Importance: Selecting effective antidepressants for the treatment of major depressive disorder (MDD) is an imprecise practice, with remission rates of about 30% at the initial treatment.
Objective: To determine whether pharmacogenomic testing affects antidepressant medication selection and whether such testing leads to better clinical outcomes.
Design, setting, and participants: A pragmatic, randomized clinical trial that compared treatment guided by pharmacogenomic testing vs usual care. Participants included 676 clinicians and 1944 patients. Participants were enrolled from 22 Department of Veterans Affairs medical centers from July 2017 through February 2021, with follow-up ending November 2021. Eligible patients were those with MDD who were initiating or switching treatment with a single antidepressant. Exclusion criteria included an active substance use disorder, mania, psychosis, or concurrent treatment with a specified list of medications.
Interventions: Results from a commercial pharmacogenomic test were given to clinicians in the pharmacogenomic-guided group (n = 966). The comparison group received usual care and access to pharmacogenomic results after 24 weeks (n = 978).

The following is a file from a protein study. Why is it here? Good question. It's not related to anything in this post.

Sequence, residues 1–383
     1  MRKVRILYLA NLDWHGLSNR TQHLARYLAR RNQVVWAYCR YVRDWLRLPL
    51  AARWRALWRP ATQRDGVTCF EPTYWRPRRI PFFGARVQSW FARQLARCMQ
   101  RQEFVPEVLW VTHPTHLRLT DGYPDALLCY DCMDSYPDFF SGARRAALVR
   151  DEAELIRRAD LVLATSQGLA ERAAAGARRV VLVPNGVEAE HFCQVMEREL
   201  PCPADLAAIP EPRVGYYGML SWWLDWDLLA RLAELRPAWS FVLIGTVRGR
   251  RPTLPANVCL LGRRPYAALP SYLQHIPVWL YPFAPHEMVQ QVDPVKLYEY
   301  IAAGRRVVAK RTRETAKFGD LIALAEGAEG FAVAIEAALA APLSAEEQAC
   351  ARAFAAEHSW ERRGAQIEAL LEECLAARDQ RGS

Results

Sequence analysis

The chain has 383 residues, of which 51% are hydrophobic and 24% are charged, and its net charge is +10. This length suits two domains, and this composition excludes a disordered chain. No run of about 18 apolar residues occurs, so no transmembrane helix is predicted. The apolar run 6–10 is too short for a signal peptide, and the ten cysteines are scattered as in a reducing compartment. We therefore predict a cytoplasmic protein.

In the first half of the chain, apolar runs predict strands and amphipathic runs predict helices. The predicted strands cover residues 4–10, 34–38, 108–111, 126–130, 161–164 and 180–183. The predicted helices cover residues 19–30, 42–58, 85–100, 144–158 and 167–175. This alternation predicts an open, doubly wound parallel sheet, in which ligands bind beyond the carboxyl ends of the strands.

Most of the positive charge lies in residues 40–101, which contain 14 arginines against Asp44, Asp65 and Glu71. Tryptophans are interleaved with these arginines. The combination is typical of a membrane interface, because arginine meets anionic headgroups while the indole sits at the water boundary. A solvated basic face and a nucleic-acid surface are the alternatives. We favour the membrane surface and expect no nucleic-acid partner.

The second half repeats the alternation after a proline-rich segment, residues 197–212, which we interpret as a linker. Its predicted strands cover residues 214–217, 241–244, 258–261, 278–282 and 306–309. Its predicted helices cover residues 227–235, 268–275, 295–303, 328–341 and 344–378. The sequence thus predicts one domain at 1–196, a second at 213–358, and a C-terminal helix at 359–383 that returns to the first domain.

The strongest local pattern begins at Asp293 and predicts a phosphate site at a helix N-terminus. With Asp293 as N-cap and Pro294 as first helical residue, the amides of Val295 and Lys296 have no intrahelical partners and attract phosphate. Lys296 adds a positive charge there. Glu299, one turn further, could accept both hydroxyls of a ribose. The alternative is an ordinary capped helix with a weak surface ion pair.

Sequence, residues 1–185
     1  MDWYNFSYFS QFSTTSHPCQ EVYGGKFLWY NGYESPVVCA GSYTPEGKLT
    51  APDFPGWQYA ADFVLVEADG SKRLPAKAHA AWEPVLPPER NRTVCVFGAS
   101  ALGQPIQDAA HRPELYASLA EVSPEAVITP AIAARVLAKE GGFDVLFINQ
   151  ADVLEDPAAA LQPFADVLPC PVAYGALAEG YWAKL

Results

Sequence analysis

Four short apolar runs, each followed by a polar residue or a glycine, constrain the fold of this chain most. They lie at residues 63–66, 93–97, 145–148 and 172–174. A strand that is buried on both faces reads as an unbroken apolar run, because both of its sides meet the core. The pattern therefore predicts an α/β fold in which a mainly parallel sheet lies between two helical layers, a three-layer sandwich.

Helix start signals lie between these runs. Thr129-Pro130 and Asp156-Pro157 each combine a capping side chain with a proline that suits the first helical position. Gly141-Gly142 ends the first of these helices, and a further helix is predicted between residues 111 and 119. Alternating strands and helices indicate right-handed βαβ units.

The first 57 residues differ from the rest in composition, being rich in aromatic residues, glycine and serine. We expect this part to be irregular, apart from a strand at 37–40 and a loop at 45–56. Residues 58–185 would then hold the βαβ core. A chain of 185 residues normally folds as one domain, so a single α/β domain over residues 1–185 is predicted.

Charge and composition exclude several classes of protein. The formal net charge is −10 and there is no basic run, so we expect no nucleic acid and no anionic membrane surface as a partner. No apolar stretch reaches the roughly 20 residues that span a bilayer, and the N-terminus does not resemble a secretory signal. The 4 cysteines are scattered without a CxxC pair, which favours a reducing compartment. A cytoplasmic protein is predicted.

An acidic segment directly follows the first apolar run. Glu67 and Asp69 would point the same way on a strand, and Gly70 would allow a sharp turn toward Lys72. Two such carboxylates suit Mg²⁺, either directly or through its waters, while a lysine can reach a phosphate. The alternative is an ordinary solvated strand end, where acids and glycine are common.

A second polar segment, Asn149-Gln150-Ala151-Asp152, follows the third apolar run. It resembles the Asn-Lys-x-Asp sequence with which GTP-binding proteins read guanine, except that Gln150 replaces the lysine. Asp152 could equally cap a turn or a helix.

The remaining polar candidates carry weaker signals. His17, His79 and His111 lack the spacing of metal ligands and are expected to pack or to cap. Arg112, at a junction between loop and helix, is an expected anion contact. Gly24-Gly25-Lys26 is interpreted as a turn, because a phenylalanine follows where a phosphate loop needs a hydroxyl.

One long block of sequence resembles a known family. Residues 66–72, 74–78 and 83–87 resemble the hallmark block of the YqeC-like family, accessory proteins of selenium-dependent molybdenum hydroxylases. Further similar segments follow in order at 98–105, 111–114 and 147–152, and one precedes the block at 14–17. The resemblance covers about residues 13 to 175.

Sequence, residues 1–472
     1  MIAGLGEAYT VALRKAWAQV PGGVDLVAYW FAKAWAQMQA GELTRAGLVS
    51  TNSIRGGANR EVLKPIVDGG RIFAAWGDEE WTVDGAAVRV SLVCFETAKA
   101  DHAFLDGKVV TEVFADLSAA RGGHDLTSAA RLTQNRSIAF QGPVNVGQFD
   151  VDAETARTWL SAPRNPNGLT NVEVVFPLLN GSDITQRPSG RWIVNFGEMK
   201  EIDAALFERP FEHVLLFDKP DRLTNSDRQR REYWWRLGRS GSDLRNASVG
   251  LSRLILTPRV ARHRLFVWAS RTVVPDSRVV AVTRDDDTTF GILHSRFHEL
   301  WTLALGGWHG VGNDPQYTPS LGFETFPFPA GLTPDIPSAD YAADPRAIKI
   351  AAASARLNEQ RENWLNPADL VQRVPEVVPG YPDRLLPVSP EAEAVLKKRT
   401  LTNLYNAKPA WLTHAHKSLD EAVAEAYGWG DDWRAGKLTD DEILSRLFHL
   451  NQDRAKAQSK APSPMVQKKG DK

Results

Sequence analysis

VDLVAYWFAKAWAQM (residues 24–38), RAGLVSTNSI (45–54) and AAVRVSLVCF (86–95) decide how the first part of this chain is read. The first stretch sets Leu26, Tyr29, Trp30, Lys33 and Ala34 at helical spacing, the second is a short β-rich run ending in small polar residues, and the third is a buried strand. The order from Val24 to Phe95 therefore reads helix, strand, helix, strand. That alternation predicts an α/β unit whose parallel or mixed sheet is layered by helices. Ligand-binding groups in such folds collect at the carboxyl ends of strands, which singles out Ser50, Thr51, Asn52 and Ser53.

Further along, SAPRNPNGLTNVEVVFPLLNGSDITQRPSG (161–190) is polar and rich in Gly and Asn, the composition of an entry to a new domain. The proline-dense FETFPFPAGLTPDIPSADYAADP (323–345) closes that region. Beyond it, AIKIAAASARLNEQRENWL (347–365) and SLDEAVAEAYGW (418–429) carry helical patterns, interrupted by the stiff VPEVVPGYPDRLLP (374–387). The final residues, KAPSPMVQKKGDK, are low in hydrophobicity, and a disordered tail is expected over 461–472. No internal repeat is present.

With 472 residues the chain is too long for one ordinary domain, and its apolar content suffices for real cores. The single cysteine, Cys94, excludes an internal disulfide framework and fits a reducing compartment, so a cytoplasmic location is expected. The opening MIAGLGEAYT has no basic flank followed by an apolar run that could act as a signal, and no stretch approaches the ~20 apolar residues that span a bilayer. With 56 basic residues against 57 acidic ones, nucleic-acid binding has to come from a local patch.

Main outcomes and measures: The co-primary outcomes were the proportion of prescriptions with a predicted drug-gene interaction written in the 30 days after randomization and remission of depressive symptoms as measured by the Patient Health Questionnaire-9 (PHQ-9) (remission was defined as PHQ-9 ≤ 5). Remission was analyzed as a repeated measure across 24 weeks by blinded raters.
Results: Among 1944 patients who were randomized (mean age, 48 years; 491 women [25%]), 1541 (79%) completed the 24-week assessment. The estimated risks for receiving an antidepressant with none, moderate, and substantial drug-gene interactions for the pharmacogenomic-guided group were 59.3%, 30.0%, and 10.7% compared with 25.7%, 54.6%, and 19.7% in the usual care group. The pharmacogenomic-guided group was more likely to receive a medication with a lower potential drug-gene interaction for no drug-gene vs moderate/substantial interaction (odds ratio [OR], 4.32 [95% CI, 3.47 to 5.39]; P < .001) and no/moderate vs substantial interaction (OR, 2.08 [95% CI, 1.52 to 2.84]; P = .005) (P < .001 for overall comparison). Remission rates over 24 weeks were higher among patients whose care was guided by pharmacogenomic testing than those in usual care (OR, 1.28 [95% CI, 1.05 to 1.57]; P = .02; risk difference, 2.8% [95% CI, 0.6% to 5.1%]) but were not significantly higher at week 24 when 130 patients in the pharmacogenomic-guided group and 126 patients in the usual care group were in remission (estimated risk difference, 1.5% [95% CI, -2.4% to 5.3%]; P = .45).
Conclusions and relevance: Among patients with MDD, provision of pharmacogenomic testing for drug-gene interactions reduced prescription of medications with predicted drug-gene interactions compared with usual care. Provision of test results had small nonpersistent effects on symptom remission.
Trial registration: ClinicalTrials.gov Identifier: NCT03170362.